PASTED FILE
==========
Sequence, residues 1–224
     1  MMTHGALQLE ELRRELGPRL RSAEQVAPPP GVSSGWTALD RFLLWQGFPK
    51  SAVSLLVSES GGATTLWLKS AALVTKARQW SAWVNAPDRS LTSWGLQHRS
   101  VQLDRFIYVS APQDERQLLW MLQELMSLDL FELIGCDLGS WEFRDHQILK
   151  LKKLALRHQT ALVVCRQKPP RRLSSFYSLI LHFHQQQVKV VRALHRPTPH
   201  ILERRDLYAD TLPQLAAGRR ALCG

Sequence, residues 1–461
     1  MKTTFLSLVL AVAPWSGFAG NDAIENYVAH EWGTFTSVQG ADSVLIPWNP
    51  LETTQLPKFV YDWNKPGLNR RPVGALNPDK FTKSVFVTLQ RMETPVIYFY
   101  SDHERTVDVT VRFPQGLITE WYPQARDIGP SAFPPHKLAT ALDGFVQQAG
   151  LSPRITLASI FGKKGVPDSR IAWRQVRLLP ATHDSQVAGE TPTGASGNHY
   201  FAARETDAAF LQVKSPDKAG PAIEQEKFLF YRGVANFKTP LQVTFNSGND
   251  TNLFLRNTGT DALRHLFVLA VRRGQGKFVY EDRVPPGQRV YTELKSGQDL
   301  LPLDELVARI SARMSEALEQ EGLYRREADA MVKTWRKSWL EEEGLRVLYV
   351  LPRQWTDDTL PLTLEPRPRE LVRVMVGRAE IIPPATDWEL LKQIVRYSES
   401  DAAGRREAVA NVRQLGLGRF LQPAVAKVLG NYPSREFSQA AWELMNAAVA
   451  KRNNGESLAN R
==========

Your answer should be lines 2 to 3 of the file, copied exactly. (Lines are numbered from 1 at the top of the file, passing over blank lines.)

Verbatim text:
     1  MMTHGALQLE ELRRELGPRL RSAEQVAPPP GVSSGWTALD RFLLWQGFPK
    51  SAVSLLVSES GGATTLWLKS AALVTKARQW SAWVNAPDRS LTSWGLQHRS